As M. Katherine Shear, MD, professor of psychiatry at the Columbia University School of Social Work, puts it: “Grief is not one thing. It is a shorthand word for a complex, time-varying experience that is unique for each person and each loss.”
There is no timetable for the healing process. “In general, grief usually evolves over time from an acute form that tends to dominate a person’s mind to an integrated form in which the core features of sadness and yearning are much more subdued,” Dr. Shear says. When those feelings persist or intensify, the result may be a condition known as complicated grief or prolonged grief disorder (PGD). As much as 10 percent of all bereaved people experience complicated grief.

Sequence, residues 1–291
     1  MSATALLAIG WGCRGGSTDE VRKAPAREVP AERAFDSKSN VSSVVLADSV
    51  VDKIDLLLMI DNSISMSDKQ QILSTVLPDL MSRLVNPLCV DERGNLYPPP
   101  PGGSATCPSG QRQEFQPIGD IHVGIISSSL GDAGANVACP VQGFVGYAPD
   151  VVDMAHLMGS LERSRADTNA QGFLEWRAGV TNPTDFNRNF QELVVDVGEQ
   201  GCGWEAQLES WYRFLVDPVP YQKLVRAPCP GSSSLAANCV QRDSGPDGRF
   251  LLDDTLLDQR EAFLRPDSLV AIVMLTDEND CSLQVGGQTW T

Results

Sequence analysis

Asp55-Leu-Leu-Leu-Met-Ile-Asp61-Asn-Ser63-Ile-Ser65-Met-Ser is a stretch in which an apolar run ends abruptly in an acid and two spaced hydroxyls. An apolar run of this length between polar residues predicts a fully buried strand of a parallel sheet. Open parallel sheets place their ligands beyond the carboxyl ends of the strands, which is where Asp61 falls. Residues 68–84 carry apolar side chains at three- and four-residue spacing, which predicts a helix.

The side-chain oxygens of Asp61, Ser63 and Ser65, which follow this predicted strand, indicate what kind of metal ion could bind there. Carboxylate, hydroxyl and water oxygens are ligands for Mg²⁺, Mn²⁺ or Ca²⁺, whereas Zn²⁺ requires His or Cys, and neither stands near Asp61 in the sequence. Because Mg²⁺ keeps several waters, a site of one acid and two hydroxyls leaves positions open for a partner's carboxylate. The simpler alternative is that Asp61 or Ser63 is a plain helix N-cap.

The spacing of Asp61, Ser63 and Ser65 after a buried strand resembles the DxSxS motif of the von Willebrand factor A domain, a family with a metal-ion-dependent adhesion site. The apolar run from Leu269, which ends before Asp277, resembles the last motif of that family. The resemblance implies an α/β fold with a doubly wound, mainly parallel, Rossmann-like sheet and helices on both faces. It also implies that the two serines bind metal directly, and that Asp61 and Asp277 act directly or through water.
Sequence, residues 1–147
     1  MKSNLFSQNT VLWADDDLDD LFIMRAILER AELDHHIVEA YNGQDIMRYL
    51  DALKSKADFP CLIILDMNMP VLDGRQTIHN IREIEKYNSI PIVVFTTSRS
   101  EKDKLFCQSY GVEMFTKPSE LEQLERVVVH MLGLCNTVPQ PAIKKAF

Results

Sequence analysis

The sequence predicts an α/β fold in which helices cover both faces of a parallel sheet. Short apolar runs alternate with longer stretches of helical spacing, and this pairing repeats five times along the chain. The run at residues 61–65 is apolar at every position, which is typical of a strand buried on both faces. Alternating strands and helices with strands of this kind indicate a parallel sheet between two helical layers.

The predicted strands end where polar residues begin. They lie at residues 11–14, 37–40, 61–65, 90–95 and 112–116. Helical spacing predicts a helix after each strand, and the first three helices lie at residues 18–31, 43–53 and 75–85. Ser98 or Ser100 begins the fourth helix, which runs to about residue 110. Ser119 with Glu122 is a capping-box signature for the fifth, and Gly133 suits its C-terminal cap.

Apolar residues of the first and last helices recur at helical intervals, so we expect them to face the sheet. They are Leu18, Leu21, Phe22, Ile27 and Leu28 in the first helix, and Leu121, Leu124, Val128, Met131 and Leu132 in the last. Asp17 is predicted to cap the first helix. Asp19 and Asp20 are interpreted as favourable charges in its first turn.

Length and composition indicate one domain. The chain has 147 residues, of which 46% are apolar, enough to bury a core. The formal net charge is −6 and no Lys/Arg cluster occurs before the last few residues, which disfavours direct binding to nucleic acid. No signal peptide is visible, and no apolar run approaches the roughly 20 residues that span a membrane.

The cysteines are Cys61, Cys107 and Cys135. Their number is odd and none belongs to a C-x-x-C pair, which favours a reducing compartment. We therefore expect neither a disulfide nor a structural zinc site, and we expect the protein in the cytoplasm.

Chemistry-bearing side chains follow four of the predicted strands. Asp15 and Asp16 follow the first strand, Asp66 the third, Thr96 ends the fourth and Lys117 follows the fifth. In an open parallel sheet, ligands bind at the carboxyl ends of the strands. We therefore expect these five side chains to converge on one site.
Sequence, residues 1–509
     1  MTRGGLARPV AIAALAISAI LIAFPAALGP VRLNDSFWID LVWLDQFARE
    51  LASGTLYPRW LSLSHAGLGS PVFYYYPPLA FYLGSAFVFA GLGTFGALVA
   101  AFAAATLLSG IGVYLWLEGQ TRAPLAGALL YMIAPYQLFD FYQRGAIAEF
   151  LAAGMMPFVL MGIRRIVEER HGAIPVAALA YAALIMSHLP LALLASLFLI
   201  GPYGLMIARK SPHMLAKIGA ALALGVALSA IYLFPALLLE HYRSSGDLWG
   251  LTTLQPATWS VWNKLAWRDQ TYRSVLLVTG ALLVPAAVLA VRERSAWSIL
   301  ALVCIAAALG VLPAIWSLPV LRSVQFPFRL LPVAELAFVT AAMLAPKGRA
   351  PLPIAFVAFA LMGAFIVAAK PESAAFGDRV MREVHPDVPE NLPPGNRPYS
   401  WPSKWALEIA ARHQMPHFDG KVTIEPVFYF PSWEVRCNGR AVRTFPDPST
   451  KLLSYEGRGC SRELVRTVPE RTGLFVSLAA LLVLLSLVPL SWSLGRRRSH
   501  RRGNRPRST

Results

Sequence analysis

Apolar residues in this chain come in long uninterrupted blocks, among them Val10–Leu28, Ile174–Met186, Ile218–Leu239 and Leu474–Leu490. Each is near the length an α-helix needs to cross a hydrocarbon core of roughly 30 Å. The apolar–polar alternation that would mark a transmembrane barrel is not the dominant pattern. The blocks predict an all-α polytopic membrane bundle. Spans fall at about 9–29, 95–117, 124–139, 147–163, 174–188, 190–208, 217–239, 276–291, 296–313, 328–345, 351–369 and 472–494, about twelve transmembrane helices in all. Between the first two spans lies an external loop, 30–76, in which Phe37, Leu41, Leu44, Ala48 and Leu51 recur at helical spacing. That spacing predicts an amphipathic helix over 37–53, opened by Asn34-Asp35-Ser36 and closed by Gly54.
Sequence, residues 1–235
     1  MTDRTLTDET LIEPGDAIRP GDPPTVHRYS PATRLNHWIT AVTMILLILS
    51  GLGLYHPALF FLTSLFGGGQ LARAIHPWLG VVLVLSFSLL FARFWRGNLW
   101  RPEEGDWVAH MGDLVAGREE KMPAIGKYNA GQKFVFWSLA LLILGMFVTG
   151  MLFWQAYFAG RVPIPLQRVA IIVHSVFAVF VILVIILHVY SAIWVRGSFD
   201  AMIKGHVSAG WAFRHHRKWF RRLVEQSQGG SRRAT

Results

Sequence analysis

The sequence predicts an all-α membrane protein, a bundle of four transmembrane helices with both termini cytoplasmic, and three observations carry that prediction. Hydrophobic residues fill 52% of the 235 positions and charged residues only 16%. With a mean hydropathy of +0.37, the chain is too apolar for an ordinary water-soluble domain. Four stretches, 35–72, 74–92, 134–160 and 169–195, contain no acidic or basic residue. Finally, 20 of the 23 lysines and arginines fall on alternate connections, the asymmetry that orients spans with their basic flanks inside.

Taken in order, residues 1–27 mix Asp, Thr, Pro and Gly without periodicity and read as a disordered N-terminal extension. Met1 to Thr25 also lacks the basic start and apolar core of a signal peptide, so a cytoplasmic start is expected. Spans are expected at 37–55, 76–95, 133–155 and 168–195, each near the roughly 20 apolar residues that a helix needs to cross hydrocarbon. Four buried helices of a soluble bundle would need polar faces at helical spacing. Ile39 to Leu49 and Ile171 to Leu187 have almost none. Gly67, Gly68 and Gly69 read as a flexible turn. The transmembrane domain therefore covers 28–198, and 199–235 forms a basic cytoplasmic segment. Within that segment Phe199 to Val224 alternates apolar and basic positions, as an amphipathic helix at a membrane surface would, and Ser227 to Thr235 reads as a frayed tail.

Complicated grief is marked by “broad changes to all personal relationships, a sense of meaninglessness, a prolonged yearning or searching for the deceased, and a sense of rupture in personal beliefs,” according to the American Psychological Association.
People with complicated grief often experience chronic sleep disturbances and disruptions in their daily routine. Studies have found that they are at increased risk for hypertension, heart disease, substance abuse, and suicidal thoughts. They may “try to avoid confronting the intense pain associated with the loss and this, paradoxically, ends up increasing the pain and interfering with the natural adaptive process,” says Shear, who is director of Columbia’s Center for Complicated Grief.